Emoji characters for food allergens
charupdate at orange.fr
Mon Aug 3 09:30:11 CDT 2015
On 29 Jul 2015, at 15:42, William_J_G Overington wrote:
[On 28 Jul 2015, at 22:26, gfb hjjhjh wrote:]
>> As according to http://unicode.org/faq/emoji_dingbats.html , emoji characters do not have single semantics. Which I think it is not what the original proposer want? Or were I misunderstanding that
> Garth Wallace has already indicated in his reply to your post that it was me, not the original proposer, who wanted single semantics.
> The easiest thing appears to be to not call the items emoji.
> I opine that a new word is needed to mean the following.
> A character that looks like it is an emoji character yet has precise semantics.
> There is an issue here that is, in my opinion, quite fundamental to the future of encoding items that are currently all regarded as emoji: an issue that goes far beyond the matter of encoding emoji characters for food allergens.
> Communication through the language barrier is of huge importance and may become more so in the future.
IMHO weʼve already overcome the language barrier, as we all communicate in English, at the image of medieval Latin communication across Europe, ancient Roman Empire communication, Koine Greek from Alexanderʼs conquests on.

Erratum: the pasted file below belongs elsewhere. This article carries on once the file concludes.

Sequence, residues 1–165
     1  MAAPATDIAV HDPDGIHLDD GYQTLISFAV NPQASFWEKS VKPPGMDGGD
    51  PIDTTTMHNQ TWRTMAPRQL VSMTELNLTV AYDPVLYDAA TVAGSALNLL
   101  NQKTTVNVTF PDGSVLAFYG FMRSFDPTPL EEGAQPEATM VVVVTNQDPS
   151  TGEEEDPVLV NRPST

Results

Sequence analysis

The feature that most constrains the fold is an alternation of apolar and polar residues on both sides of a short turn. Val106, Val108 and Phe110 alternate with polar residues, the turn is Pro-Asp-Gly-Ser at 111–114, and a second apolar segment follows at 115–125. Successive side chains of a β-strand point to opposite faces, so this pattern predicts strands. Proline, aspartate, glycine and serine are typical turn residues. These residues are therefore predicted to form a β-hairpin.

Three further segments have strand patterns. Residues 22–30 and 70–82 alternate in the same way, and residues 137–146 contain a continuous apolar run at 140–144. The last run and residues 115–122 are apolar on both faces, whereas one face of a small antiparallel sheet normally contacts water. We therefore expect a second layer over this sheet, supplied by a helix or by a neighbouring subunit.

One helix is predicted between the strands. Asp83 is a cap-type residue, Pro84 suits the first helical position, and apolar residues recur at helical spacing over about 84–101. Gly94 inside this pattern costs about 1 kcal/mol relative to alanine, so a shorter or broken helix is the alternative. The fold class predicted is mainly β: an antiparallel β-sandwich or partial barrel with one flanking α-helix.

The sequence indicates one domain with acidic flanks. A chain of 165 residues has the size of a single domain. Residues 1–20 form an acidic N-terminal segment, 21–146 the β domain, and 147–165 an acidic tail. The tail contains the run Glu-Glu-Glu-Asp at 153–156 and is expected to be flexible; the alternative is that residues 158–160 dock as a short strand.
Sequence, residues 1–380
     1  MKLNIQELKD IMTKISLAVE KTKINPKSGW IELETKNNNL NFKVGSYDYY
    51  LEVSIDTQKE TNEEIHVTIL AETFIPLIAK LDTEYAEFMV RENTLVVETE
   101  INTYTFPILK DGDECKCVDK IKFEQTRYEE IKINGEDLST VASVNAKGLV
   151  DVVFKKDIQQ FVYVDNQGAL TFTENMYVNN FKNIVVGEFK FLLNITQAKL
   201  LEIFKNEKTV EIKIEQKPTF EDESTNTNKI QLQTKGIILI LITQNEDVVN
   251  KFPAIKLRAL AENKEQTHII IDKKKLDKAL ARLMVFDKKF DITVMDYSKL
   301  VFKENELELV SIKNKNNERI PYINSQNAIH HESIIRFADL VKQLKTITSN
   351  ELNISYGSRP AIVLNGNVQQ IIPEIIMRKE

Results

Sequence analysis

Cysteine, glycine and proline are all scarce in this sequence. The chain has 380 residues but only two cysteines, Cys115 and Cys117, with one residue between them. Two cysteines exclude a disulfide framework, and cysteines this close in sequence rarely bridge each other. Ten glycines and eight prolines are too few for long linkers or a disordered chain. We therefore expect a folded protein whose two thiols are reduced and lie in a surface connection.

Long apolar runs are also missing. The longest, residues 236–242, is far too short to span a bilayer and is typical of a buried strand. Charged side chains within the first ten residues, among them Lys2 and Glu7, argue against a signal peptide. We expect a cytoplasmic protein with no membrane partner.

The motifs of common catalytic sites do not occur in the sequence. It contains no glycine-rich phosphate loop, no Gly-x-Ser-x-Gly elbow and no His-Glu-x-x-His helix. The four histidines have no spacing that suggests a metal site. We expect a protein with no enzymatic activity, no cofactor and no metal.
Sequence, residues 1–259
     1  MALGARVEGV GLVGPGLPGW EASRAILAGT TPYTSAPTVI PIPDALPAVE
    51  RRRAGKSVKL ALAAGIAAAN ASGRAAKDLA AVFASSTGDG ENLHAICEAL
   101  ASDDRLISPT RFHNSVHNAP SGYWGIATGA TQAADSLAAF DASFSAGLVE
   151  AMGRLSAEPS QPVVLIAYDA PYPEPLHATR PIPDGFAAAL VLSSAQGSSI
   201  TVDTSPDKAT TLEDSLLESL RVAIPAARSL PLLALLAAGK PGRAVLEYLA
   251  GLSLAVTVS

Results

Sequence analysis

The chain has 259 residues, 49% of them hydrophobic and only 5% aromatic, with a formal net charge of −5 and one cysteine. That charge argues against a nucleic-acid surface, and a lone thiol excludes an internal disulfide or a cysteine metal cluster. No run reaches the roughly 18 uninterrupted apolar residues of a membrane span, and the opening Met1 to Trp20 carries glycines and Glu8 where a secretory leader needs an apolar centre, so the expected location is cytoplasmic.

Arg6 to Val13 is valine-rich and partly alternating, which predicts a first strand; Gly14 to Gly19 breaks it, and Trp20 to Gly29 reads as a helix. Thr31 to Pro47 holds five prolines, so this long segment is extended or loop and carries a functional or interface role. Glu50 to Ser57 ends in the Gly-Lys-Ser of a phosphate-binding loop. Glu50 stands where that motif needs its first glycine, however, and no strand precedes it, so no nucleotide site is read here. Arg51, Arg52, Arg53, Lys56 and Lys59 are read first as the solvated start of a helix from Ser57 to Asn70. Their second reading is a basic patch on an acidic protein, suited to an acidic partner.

> Emoji seemed like a wonderful way to achieve communication through the language barrier.
We remember that Esperanto was also a hopeful way to unify the language, raising much enthusiasm among its followers. IMHO a pictograph based script can hardly be enough performing, unless it ends up to become a kind of new Esperanto except that it doesnʼt include speech.
> Yet if semantics are not defined, then there is a problem.
Not only emojis, even natural language semantics are often not precisely defined, but that doesnʼt hinder us in defining the semantics of a particular message by adding more words. Equally an allergen emoji might be preceded or followed by a poison emoji (U+2620) to make the health threat unambiguous.
> Please consider the matter of text to speech in the draft Unicode Technical Report 51.
> I remember years ago I was asked in this mailing list what chat means.
> I think that discussing the meaning of chat is some classic Unicode cultural matter.
> In English it is an informal talk between two or more people, in French it is a cat.